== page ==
What’s the Best Way to Teach Kids About Tragedy?

One children’s book series always places a young protagonist at the center of the devastation.

Josiah Myka, 10, glances at flags placed in the names of 9/11 first responders inscribed at the National September 11 Memorial & Museum. (Kathy Willens / Reuters )

We were at Barnes & Noble browsing one Sunday afternoon, when my 8-year-old son ran up waving a chapter book that he wanted to buy. The title of the book: I Survived the Attacks of September 11, 2001. Upon seeing the cover, I flinched, as did the friend whom I was with. We took one look at the jacket’s illustration—which shows a boy from behind, staring up at the Twin Towers as they burn—and blurted, “No!”

Growing up in Brooklyn, my son had long been aware that the two tall towers once stood across the river. But some months before stumbling upon the book, he’d arrived home from school wide-eyed and said, “I didn’t realize that bad guys made the buildings come down.” “That’s true,” I replied. But because he didn’t ask any questions, I said nothing more, figuring he’d broach the subject again when he was ready.

It’s not uncommon for parents to struggle with how to speak to their children about difficult, complicated, and inherently frightening topics. The question feels urgent in the immediate aftermath of the Paris attacks: Recent days have seen a profusion of articles counseling parents and teachers on how to talk about the events. The attacks of 9/11 happened before today’s grade schoolers were alive but have in many ways shaped the world into which they were born.

Organizations like the 9/11 Memorial and the Morningside Center for Teaching Social Responsibility recommend a gentle, honest, and straightforward approach. A number of 9/11-themed books have been written to help young readers begin to grasp the unimaginable; some get at the topic symbolically, while others bring to mind Mr. Rogers’ famous suggestion to “look for the helpers” following a tragedy. Maira Kalman’s picture book Fireboat tells of a restored 1930s fireboat that was called into action the day of the attacks; The Survivor Tree recounts the story of a pear tree that was pulled from the World Trade Center rubble and eventually replanted on the 9/11 Memorial’s plaza; 14 Cows for America describes a gift from the people of a remote Kenyan village to the United States after the attacks.

I Survived the Attacks of September 11, 2001, on the other hand, places a young protagonist at the center of the devastation. The book is the sixth entry in a New York Times best-selling series that launched in 2010 and now has more than 13.8 million copies total in print in the U.S. alone. The I Survived series, published by Scholastic and written by Lauren Tarshis and now being marketed as Common Core-aligned, was originally conceived to focus on natural disasters that happened long ago. Other titles—which, like the 9/11 entry, feature a fictional young character thrown by circumstance into the heart of an unfolding catastrophe—are set around events such as the 1906 San Francisco earthquake, the destruction of Pompeii, the New Jersey shark attacks of 1916, and the sinking of the Titanic. As the books grew in popularity, though, Tarshis says young fans began to contact her to suggest topics, and in response she has written about recent disasters that elementary school-aged children today may have caught glimpses of on the news or become aware of from overhearing adult conversation: the 2011 Joplin Tornado, for example, and the Japanese Tsunami that happened that same year. But Tarshis’s biggest shift has involved expanding her focus to include far thornier acts of man on top of natural phenomena—and not just 9/11, but events such as the Holocaust as well.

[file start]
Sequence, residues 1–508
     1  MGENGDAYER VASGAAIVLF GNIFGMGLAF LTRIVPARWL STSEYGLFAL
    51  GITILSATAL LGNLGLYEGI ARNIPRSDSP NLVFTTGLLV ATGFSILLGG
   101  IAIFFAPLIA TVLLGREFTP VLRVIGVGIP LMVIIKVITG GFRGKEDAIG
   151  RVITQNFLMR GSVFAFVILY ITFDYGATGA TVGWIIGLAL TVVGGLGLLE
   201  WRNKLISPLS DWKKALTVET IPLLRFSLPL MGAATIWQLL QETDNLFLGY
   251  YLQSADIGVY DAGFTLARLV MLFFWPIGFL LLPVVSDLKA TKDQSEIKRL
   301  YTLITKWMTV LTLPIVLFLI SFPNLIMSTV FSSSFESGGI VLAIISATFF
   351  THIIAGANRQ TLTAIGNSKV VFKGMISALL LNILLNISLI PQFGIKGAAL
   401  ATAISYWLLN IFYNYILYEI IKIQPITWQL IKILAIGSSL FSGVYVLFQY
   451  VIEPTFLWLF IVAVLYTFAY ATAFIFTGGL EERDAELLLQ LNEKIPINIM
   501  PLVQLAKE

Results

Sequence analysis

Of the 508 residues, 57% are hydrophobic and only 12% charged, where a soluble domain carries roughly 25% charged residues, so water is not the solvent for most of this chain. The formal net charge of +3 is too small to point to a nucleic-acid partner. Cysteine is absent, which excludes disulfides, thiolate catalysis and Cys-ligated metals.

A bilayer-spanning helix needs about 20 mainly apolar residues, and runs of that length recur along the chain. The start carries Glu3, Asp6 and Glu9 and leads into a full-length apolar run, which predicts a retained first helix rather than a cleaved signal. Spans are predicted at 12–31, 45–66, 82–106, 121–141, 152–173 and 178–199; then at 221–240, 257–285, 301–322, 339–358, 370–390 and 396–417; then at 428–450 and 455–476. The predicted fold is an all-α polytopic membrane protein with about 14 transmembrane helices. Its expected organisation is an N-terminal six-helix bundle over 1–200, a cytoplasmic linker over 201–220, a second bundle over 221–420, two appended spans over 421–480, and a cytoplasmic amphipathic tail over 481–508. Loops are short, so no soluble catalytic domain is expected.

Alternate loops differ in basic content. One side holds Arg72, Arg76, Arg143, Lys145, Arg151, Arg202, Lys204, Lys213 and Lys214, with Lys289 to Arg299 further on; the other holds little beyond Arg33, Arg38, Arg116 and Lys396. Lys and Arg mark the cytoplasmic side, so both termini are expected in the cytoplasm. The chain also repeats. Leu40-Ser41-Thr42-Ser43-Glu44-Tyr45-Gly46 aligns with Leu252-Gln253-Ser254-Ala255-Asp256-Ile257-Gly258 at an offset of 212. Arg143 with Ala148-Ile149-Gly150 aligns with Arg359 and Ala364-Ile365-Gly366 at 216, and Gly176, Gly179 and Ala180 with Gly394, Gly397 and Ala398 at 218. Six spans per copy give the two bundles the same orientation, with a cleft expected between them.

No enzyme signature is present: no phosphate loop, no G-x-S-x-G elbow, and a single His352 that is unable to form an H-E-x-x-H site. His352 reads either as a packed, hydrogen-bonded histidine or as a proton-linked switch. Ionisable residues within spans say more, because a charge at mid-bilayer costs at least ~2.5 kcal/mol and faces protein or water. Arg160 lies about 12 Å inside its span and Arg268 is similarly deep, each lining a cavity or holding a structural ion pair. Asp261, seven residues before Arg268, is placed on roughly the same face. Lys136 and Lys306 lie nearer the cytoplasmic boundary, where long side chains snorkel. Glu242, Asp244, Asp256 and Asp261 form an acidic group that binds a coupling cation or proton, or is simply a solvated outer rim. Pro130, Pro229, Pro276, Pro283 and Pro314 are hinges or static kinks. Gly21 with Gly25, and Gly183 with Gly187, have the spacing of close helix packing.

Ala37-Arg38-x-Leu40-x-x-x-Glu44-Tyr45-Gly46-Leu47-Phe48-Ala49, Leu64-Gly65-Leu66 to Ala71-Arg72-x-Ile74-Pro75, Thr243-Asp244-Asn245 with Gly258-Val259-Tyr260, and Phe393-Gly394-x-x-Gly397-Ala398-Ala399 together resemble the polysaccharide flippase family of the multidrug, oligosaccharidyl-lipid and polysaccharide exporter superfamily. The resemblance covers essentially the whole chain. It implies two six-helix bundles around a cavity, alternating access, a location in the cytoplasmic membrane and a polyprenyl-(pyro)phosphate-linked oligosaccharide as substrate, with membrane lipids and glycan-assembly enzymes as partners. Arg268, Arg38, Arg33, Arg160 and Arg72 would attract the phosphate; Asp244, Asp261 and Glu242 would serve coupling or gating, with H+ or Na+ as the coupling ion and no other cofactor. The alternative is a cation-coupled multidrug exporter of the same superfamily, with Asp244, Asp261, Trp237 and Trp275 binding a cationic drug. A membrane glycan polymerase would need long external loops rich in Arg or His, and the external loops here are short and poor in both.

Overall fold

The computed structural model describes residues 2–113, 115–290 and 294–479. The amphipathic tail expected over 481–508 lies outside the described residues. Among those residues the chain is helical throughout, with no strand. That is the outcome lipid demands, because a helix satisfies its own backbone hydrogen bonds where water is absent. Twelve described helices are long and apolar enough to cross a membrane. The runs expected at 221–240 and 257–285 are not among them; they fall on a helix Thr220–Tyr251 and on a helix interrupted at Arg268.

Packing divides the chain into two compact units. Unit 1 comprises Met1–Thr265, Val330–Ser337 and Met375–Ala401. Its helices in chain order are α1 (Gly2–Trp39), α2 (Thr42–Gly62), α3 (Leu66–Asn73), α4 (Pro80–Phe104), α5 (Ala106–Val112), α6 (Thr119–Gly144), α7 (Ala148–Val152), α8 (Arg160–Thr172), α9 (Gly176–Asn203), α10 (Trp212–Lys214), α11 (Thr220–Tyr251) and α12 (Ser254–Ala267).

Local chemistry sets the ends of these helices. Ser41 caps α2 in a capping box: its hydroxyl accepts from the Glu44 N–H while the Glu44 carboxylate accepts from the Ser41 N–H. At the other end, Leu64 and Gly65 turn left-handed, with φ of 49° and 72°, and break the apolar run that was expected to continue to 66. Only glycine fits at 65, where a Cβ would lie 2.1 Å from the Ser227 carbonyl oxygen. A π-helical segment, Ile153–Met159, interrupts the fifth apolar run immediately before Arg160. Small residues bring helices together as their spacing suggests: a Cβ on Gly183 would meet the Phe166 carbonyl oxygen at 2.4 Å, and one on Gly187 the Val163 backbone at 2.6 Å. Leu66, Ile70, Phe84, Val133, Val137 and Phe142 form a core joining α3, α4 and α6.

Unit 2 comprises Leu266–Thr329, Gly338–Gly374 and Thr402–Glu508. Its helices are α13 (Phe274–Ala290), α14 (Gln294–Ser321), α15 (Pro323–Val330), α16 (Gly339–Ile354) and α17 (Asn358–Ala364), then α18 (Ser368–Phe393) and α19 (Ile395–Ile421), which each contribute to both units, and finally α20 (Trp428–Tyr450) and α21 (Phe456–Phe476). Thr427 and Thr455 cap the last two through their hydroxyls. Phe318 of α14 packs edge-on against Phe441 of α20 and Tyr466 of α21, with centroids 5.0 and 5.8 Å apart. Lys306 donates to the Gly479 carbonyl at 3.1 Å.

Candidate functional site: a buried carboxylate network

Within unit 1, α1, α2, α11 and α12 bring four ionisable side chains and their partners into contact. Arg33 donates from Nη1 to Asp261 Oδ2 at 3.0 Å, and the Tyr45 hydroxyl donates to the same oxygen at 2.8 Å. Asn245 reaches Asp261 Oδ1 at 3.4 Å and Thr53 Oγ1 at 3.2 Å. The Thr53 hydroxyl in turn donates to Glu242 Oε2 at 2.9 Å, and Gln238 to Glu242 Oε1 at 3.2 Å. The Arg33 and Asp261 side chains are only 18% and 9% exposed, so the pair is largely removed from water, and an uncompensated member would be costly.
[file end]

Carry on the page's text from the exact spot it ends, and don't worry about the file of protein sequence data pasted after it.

The I Survived series is recommended for kids in grades two through five; at the lower end of that scale, readers who encounter the books might find themselves learning details of 9/11 and the Holocaust for the first time. Children, of course, eventually become conscious of the danger and cruelty in the world—but when and how should these lessons be imparted?

Tarshis, who at first found the idea of tackling the Holocaust in the series “ridiculous” and described herself as “terrified” while writing the 9/11 book, has given much thought to these questions. “I had never considered doing something like 9/11 in the series,” she said, noting that she completely rewrote the 9/11 book twice before feeling that she’d gotten it right. “I became almost deluged with emails from kids, I mean daily, daily—five, 10 emails a day—asking for that topic. I didn’t consider it. I thought, ‘No, this is not something I feel like I should take on.’ But then I started getting communications from teachers and librarians about it, the fact that many kids are very curious about it, and they did not have a safe way of exploring that topic with their kids.”

Ellen Zschunke, a librarian at Pine Road School in Huntingdon Valley, Pennsylvania, considers herself a fan. She says the students at her K-5 school “gobble up” the books and recommend them to each other. “We want to protect them, but they want to learn about this stuff,” she said. As for the quieter, gentler 9/11 books, like Fireboat? “They’re vague. Kids have more questions [after reading them] than when they started.”

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My son eventually brought I Survived the Attacks of September 11, 2001 home from school. According to some estimates, Scholastic, the world’s largest publisher of children’s books, has a presence in 90 percent of America’s schools, through book fairs, take-home book order forms, and the sale of materials directly to teachers and librarians. My son has read most of the I Survived series by borrowing books from his classroom and school libraries. The 9/11 edition, like the rest in the series, is intended to hook reluctant readers and thus opens at the moment of greatest suspense before going back in time to explain how the protagonist arrived there and how he—it’s always a he—survived. In this case, the opening pages find 11-year-old Lucas in lower Manhattan as the first jet crashes into the North Tower: “With one last ferocious roar, the jet plunged into the side of one of the towers. There was a thundering explosion. People all around Lucas screamed. And then the bright blue sky filled with black smoke and fire.”